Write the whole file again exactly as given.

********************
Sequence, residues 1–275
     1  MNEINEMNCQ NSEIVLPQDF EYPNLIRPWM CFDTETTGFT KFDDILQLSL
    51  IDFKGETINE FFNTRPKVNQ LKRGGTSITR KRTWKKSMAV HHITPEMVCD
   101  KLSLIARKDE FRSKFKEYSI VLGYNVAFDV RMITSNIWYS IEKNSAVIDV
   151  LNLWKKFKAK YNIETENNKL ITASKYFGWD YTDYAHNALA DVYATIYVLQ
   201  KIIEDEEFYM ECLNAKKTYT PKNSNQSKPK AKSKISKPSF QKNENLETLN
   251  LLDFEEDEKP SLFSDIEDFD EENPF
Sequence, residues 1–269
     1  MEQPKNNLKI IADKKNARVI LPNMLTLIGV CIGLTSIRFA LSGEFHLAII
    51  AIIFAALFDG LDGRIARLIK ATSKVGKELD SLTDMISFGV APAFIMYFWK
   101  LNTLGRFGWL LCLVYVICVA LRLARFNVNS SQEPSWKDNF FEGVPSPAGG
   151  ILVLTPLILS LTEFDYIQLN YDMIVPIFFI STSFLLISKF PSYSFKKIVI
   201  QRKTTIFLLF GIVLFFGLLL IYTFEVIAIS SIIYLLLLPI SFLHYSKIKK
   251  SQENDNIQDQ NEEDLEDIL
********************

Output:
Sequence, residues 1–275
     1  MNEINEMNCQ NSEIVLPQDF EYPNLIRPWM CFDTETTGFT KFDDILQLSL
    51  IDFKGETINE FFNTRPKVNQ LKRGGTSITR KRTWKKSMAV HHITPEMVCD
   101  KLSLIARKDE FRSKFKEYSI VLGYNVAFDV RMITSNIWYS IEKNSAVIDV
   151  LNLWKKFKAK YNIETENNKL ITASKYFGWD YTDYAHNALA DVYATIYVLQ
   201  KIIEDEEFYM ECLNAKKTYT PKNSNQSKPK AKSKISKPSF QKNENLETLN
   251  LLDFEEDEKP SLFSDIEDFD EENPF
Sequence, residues 1–269
     1  MEQPKNNLKI IADKKNARVI LPNMLTLIGV CIGLTSIRFA LSGEFHLAII
    51  AIIFAALFDG LDGRIARLIK ATSKVGKELD SLTDMISFGV APAFIMYFWK
   101  LNTLGRFGWL LCLVYVICVA LRLARFNVNS SQEPSWKDNF FEGVPSPAGG
   151  ILVLTPLILS LTEFDYIQLN YDMIVPIFFI STSFLLISKF PSYSFKKIVI
   201  QRKTTIFLLF GIVLFFGLLL IYTFEVIAIS SIIYLLLLPI SFLHYSKIKK
   251  SQENDNIQDQ NEEDLEDIL